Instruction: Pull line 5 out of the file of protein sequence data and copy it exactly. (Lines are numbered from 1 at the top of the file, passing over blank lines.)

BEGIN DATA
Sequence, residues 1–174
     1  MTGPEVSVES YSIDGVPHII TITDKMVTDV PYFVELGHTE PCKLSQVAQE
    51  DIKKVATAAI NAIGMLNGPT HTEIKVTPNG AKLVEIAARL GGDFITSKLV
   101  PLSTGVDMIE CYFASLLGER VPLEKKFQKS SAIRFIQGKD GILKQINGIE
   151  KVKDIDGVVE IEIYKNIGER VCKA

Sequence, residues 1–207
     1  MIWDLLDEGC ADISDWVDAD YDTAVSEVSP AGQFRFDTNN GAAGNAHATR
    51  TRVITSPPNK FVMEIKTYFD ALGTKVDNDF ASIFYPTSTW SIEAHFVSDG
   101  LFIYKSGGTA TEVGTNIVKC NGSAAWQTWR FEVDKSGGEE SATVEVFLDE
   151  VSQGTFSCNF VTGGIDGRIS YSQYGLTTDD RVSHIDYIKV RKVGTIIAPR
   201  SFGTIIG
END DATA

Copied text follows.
   151  KVKDIDGVVE IEIYKNIGER VCKA